Equities rebound after new sanctions on Russia
Equity markets in New York recovered some of their losses overnight, and markets in Asia are cautiously higher after the US and Europe imposed new sanctions on Russia after it formally recognised two breakaway provinces of the Ukraine and started moving peacekeeping military equipment into them. Markets though, breathed a sigh of relief that the sanctions were not more sweeping and aggressive, allowing oil, the US dollar and gold to ease slightly, while risk sentiment currencies rallied, and equities staged some sort of dead cat bounce.
Perhaps the most significant move was from Germany, the most fence-sitting member of the “Western” alliance if one wishes to describe it as such. Germany halted the Nord Stream 2 pipeline project, although now that it is fully built, it does have a free option in the future. Nothing can disguise that Europe’s strategic NIMBY-ism ineptitude in tying their energy reliance to Russia leaves the bloc woefully exposed to further escalations. The unfortunate fact of the transition to renewable energy is that energy storage technology lags behind renewable generating technology badly. Shutting down nuclear and outsourcing your energy needs to unreliable partners out East, be it plastic recycling, energy, or rare earth elements, keeps the tree-huggers happy over their kombucha teas, but leaves you strategically exposed when the flag goes up. As long as this crisis lasts, I will struggle to be structurally bullish on the euro or Europe.
It appears that the US, Europe and others are adopting an incremental sanction strategy intended to leave President Putin a diplomatic off-ramp along the way. Markets will likely bubble along sideways now until we see Mr Putin’s next move. But I have no doubt that Russia/Ukraine still have the potential to deliver a stagflationary shock to the rest of the world if it escalates and oil prices spike to above USD 130.00 a barrel. That would leave many central banks having to push the W for Wimp button and halt monetary normalisation just as inflationary pressures intensified sharply.
Moving out of the world of geriatric autocrat power plays, life still goes on. Germany’s IFO data ignored Ukraine nerves and impressively outperformed, as did the US Markit Manufacturing and Services PMIs. The US House Price Index rose modestly by 1.20% although the Richmond Fed Manufacturing Index fell while Services jumped. In totality, you would have to say that both Europe and the US are moving past omicron disruptions and that the recovery remains on track, as would monetary normalisation, from the Federal Reserve anyway.
In Asia, Japanese markets are closed for the Emperor’s birthday. Elsewhere, Australian wage growth climbed by 2.30%, below the RBA’s 3.0% target. That likely allows them to remain on hold for at least one more meeting. The RBNZ though did hike this morning, adding 0.25% to bring the reference rate to 1.0%. The RBNZ said the economy was growing at unsustainable rates and that unemployment was unsustainably low. Their interest rate projections into next year suggest that every meeting going forward this year will feature a 0.25% hike. Before we load up on New Zealand dollars though, the RBNZ has managed to engineer an economy with Norway prices, above full employment, but without Norway wages. That takes a special talent, and I am unsure if the RBNZ can engineer a soft landing for New Zealand’s economy, and I’m being polite.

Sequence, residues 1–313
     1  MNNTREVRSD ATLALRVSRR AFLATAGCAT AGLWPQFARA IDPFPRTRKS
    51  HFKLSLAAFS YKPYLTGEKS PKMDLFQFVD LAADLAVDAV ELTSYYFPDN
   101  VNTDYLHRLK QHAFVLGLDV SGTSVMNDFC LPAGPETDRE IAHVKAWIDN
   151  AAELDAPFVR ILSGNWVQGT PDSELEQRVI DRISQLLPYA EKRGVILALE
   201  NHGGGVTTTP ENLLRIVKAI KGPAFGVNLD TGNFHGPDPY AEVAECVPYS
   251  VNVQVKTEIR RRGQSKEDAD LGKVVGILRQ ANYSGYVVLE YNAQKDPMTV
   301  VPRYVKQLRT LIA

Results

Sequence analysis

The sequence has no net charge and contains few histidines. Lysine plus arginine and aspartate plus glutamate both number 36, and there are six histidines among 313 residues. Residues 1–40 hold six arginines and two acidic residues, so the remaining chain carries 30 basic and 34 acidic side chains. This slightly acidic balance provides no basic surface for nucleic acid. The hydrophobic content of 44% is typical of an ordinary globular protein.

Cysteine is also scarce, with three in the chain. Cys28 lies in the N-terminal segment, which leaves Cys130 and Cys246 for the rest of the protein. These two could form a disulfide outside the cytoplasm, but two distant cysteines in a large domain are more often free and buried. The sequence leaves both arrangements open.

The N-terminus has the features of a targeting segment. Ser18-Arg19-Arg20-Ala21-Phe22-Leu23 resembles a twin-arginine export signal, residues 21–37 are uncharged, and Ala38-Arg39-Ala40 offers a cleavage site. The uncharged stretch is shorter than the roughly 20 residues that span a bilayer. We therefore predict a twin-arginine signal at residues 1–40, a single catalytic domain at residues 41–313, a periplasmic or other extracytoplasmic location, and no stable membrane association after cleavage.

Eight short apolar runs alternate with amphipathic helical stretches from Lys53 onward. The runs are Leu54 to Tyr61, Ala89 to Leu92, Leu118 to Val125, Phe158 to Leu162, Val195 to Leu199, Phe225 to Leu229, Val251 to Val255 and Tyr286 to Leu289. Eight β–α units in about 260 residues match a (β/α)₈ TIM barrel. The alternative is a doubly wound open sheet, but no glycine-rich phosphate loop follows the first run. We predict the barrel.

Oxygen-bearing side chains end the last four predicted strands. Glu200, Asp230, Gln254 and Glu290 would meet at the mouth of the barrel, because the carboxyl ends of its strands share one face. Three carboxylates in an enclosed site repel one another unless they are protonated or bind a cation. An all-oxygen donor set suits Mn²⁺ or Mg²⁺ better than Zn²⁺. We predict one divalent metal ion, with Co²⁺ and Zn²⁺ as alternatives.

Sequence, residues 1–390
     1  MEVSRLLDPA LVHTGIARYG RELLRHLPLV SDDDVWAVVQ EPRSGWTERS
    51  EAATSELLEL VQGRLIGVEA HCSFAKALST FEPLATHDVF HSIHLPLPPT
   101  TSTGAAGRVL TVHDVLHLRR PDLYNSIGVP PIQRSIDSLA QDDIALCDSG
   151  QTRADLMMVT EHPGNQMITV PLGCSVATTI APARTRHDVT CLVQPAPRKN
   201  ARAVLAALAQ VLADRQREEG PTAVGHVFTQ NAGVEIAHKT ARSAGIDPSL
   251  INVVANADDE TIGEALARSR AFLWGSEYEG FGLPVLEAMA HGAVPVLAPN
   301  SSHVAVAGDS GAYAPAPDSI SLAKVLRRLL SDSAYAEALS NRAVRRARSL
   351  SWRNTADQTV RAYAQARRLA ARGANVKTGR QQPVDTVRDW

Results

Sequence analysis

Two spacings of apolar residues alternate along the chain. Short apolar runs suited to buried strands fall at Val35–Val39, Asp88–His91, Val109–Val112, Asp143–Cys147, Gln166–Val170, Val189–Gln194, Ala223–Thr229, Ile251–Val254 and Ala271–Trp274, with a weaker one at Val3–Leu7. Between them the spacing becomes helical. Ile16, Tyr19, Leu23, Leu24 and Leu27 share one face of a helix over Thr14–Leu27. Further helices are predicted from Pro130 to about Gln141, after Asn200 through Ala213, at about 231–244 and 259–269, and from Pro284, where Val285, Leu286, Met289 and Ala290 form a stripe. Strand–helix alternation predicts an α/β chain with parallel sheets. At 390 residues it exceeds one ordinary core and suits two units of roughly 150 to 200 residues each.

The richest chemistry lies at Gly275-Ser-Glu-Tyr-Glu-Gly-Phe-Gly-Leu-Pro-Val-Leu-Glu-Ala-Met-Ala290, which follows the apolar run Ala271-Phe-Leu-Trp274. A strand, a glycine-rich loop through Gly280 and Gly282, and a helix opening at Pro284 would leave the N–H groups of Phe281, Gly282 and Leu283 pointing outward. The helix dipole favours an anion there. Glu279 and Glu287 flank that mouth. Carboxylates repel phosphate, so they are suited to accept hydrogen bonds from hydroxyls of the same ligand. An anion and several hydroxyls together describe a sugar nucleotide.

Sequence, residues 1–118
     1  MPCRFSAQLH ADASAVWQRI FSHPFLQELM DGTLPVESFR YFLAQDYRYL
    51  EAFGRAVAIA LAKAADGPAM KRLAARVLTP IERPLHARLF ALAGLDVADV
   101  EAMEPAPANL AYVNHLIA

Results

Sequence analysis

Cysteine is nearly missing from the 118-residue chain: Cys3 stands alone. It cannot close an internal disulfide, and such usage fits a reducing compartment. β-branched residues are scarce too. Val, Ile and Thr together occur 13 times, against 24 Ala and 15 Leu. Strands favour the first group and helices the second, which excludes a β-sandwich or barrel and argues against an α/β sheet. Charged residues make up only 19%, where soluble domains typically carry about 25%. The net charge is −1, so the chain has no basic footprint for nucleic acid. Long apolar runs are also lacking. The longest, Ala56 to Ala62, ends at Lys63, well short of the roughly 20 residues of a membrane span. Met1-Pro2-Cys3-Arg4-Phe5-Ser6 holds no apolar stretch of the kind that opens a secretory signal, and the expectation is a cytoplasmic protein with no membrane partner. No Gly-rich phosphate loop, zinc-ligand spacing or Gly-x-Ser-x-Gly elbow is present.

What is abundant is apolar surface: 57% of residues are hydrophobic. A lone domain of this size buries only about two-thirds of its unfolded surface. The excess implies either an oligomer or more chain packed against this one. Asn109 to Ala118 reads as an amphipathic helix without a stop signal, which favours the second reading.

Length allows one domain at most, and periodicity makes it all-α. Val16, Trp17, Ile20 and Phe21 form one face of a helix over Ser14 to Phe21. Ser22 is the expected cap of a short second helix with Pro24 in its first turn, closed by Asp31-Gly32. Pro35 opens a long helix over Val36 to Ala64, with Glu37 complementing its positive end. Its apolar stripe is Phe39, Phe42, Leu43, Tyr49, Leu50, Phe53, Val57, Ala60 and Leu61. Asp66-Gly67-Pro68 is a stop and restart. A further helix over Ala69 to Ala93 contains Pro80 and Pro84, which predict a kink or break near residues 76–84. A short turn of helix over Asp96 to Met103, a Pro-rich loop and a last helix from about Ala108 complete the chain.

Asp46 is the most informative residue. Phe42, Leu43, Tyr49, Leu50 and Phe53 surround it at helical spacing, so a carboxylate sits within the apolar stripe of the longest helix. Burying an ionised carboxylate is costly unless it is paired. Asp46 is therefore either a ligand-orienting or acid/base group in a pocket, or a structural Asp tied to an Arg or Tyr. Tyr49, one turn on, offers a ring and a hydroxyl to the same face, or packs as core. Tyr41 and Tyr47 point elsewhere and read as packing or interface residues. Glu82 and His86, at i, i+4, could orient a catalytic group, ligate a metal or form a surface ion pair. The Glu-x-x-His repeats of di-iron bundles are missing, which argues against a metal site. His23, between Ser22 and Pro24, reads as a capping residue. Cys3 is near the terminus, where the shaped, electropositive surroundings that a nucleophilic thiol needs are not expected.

Thailand releases its Balance of Trade shortly, and that may provide some good news for the baht, which has been thoroughly EM/Ukraine’d this week. The reopening of borders should see tourism accelerate propping up the trade balance. Singapore’s core inflation YoY for January is expected to rise slightly to 2.50%, impressive by world standards right now. A higher print will increase the noise around the MAS tightening policy once again, although as the ultimate trading nation, they will look at Eastern Europe with more taut nerves than most.
Meanwhile, China markets remain under pressure as rumours of a new tech crackdown just won’t go away. Property sector rollovers will gather pace in the second half of the week bringing a serious problem pushed off the front page, back to it potentially. Future tax cut announcements have failed to lift animal spirits in mainland China. Hong Kong’s budget today, as the entire population prepares to get swabbed, is likely to see an equally anaemic reaction.
Eurozone inflation data is released this afternoon with the headline expected to remain above 5.0%. Expect more transitory rhetoric. The US has a quiet calendar although a Fed speaker or two, or noise from the White House could spark some intra-day volatility. Interestingly, although equities clutched at sanction straws and currencies remained steady, metal and agricultural prices surged higher and stayed there. That’s as good a sign as any that the Ukraine situation remains the primary driver of market direction and volatility despite my best efforts to distract you over the last few paragraphs. Ironically, it is a Russian holiday today. Defence of the Fatherland Day…
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